Court Reporting

Freelance Court Reporters salary

I am delighted to introduce today’s fascinating guest post from Cheryll Kerr, a freelance court reporter from America who has taken depositions far and wide – from Europe to the Middle East, as well as in the States. This high-powered job requires incredible skills – I’ve seen them in action and I was amazed.

How did you get interested in court reporting?
I didn’t start out planning to be a court reporter. I was a ballet dancer working at a law firm in San Francisco, CA doing temp work that fitted in with my class, rehearsing and performing schedule. I sat in my cubicle doing accounts receivable work, when one day in the early ‘90s I heard an ad for a reporting school that happened to be down the street from where I worked. There are very few court reporting schools in the USA, and I now see it as sort of fate stepped in and led to me going to night school to get my reporting qualifications. At the time, I thought it would be the perfect flexible job to allow me to dance when I liked and work in between. It turned into a lifestyle that I love, that allows me to work about 4-8 days a month and lets me keep busy with my other interests in between.

How do you keep your concentration?
It’s a skill, like anything else. I think I was very lucky to stumble upon an industry that’s based upon the instinctual skills I used as a dancer. You hear the music, and you respond. You hear the voices, and you respond. To me, it’s second nature. It can be tough to pay attention when the rigors of the physical exertion set in and your neck, back, and/or hands are burning from repetitive stress injury, arthritis, or simply sore muscles from a previous day’s work. At that point, experience and training kick in, and you do what you have to do.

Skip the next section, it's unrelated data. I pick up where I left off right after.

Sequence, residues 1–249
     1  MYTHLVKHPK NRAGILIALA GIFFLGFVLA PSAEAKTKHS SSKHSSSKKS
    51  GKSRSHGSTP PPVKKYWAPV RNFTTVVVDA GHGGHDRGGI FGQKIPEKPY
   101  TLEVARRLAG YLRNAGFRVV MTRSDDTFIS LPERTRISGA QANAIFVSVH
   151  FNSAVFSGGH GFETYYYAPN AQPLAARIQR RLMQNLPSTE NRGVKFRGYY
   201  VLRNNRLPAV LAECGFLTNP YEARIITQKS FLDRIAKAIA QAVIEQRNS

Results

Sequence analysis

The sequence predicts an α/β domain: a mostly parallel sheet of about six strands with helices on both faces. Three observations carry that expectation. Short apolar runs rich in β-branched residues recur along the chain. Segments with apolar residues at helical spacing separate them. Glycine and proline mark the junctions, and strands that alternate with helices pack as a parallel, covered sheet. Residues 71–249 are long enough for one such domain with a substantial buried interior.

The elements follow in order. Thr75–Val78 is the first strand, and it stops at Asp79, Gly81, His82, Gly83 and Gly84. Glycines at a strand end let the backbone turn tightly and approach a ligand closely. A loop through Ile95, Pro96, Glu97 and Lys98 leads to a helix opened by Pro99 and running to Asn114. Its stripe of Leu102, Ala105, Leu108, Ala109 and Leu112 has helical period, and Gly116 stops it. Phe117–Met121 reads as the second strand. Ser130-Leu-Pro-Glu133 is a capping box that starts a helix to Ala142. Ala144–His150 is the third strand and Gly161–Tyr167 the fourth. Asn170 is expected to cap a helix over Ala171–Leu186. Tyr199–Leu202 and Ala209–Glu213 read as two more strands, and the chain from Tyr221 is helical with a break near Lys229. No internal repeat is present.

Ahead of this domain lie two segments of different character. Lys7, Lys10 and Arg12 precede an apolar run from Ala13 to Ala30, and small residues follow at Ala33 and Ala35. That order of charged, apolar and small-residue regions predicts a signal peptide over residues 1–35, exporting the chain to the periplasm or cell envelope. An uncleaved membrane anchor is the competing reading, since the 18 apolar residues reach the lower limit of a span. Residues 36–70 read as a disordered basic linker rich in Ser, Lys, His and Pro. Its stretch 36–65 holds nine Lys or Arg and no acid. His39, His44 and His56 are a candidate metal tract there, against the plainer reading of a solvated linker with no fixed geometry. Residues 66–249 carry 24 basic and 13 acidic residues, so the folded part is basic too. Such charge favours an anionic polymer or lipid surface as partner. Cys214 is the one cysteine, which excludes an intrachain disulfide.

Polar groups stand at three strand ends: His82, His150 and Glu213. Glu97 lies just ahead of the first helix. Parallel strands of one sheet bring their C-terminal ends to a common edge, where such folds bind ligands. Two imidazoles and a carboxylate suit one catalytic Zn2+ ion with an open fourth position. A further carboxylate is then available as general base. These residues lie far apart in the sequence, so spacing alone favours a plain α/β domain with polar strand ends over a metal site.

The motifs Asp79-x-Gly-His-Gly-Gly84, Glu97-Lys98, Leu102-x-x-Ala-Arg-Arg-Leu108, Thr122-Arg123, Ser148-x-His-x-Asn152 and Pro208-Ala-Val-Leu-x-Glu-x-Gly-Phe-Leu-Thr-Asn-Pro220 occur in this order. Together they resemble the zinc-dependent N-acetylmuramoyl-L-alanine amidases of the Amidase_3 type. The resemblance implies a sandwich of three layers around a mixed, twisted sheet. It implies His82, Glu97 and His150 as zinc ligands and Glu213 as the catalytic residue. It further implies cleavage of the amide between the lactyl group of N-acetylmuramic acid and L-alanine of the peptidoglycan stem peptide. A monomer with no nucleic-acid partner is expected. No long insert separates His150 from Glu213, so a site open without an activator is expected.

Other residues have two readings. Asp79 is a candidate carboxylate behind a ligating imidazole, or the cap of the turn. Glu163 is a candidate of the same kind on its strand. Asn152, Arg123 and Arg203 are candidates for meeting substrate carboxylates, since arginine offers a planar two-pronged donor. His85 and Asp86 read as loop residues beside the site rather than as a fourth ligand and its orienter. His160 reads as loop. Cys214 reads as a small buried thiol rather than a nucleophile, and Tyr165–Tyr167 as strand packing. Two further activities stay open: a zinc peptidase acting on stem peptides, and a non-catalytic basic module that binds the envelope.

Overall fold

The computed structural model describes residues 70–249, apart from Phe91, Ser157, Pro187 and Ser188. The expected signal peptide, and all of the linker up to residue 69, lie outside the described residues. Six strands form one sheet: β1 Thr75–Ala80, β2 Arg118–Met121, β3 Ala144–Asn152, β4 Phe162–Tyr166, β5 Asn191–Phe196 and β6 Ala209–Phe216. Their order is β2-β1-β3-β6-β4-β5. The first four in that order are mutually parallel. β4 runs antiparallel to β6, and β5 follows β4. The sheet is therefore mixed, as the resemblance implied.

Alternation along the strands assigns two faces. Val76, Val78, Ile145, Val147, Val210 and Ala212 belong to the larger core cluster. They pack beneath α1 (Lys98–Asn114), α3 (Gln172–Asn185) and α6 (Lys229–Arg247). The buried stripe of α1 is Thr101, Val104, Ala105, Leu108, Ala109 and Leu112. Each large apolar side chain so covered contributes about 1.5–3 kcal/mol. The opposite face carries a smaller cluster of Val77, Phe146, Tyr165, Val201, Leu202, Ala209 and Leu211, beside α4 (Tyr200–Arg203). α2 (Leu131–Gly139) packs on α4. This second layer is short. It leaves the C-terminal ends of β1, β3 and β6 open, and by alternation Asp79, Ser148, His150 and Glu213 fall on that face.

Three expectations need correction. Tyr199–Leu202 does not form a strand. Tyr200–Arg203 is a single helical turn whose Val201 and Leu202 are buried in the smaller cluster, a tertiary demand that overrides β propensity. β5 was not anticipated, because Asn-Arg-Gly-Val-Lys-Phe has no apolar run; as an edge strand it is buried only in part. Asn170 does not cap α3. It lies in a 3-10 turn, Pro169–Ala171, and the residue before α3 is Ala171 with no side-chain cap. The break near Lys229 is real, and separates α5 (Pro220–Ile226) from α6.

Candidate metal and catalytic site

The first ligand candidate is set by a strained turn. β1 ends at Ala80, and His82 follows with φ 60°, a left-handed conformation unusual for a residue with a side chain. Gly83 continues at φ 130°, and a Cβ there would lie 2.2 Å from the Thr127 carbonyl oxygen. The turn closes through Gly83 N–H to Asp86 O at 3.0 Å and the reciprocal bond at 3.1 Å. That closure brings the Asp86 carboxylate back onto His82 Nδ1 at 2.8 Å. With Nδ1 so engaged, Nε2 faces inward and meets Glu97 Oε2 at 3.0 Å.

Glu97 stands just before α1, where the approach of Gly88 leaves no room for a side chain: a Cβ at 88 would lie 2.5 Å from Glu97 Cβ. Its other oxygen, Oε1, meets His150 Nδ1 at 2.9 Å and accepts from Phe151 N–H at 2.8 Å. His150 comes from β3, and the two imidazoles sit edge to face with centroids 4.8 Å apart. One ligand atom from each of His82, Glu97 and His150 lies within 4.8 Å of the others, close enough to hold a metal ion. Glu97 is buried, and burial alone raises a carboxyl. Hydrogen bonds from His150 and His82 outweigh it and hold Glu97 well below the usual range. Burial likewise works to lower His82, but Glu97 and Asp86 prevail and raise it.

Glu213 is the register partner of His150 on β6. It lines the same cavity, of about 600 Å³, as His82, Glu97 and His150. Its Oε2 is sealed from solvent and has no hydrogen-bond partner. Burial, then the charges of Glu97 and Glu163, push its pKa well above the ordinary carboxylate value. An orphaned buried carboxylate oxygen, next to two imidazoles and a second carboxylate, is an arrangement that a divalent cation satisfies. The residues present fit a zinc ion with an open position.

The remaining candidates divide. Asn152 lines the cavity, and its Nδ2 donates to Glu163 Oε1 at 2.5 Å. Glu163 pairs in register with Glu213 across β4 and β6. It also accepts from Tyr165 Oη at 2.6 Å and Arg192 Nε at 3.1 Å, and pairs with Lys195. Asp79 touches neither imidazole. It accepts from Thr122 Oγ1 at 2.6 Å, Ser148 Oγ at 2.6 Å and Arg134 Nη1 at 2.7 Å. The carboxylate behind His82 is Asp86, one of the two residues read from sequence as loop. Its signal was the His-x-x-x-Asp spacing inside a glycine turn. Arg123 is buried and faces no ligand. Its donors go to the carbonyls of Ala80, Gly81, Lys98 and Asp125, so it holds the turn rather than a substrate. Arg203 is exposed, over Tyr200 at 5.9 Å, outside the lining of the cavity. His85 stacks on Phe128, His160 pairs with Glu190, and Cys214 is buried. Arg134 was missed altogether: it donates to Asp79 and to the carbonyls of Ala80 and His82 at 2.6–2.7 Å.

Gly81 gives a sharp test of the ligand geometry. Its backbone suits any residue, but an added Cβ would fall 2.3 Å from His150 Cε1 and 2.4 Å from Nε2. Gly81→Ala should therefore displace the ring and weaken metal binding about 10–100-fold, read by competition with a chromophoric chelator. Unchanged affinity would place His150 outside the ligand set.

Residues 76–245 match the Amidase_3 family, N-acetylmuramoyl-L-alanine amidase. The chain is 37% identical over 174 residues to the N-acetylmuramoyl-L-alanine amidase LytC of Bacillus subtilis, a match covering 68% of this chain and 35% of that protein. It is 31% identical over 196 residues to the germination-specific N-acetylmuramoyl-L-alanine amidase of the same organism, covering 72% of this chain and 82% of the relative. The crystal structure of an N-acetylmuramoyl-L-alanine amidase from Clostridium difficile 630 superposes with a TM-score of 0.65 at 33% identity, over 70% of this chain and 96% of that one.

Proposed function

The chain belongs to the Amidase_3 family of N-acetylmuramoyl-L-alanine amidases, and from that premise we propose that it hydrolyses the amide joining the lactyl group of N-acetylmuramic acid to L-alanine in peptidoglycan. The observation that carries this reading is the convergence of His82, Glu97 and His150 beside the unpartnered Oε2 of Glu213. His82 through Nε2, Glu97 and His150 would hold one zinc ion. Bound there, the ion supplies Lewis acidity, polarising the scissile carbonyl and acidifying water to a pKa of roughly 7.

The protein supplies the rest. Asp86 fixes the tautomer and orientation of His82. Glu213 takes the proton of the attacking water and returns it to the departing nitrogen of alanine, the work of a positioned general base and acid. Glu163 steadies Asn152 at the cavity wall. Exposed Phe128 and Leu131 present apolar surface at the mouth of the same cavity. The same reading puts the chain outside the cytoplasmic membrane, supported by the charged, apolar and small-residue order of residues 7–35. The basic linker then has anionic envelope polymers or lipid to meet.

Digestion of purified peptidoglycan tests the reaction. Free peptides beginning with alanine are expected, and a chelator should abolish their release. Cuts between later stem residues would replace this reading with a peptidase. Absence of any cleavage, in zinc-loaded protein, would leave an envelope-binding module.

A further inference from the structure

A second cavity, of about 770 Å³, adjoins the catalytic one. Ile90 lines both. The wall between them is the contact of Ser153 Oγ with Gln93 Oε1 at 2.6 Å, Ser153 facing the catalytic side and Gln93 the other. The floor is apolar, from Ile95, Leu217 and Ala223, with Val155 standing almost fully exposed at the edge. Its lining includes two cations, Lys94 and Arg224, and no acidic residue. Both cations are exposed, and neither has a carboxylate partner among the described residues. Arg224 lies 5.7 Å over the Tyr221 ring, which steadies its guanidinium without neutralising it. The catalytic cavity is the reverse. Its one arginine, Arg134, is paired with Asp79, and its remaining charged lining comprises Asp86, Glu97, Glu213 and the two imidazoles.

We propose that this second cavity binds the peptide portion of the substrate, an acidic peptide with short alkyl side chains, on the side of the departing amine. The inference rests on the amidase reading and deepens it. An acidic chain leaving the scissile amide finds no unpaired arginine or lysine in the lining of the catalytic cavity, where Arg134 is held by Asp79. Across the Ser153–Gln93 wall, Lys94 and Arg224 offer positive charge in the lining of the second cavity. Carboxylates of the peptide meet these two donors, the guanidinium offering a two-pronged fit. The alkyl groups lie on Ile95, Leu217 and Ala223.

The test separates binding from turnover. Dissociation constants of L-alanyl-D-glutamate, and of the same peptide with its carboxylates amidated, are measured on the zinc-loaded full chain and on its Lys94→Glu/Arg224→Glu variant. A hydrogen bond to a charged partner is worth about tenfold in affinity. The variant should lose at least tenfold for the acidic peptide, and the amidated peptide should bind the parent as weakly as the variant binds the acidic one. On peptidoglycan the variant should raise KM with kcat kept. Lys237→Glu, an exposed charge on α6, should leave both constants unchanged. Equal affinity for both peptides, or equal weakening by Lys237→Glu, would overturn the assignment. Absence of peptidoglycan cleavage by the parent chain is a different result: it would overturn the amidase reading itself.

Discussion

What’s the workload like for a court reporter?
That really varies depending upon what part of the industry you work in. There are reporters who work in courthouses on trials that work day in and day out, eight hours a day and then at night on transcript production as well. I chose to become a freelance reporter because I wanted to set my own schedule, which translates into taking four to eight jobs a month for me. The economy has hit a downturn across the United States, which means where I used to be offered perhaps 15 days of work a month, now it’s closer to what I like to do, four to eight days.

I remember the days when I would get up at 6:00 a.m. to drive into Manhattan and wouldn’t arrive back home until well after 8:00 at night, and then turn around that day’s work before I turned in at midnight and would wake up the next morning to do the same thing. Those were the days of the back to back asbestos litigation depositions, which made being a freelance reporter very lucrative. I was younger then, and hungry for the work. After 15 years of it, I prefer now to take depositions closer to home and be able to cook dinner and enjoy a nice bottle of wine with my loved one and sleep in the next day. Time will do that to you. I heard some years back from another reporter who gave up reporting to work for an agency that court reporters tend to burn out after five years or hit a plateau. I think I might be unique in that it took me about 10 to hit a period where I needed a change or a very long vacation. Luckily, working as a freelance reporter gives you the flexibility to slow down a little when you need to.

Source: wordstodeeds.com
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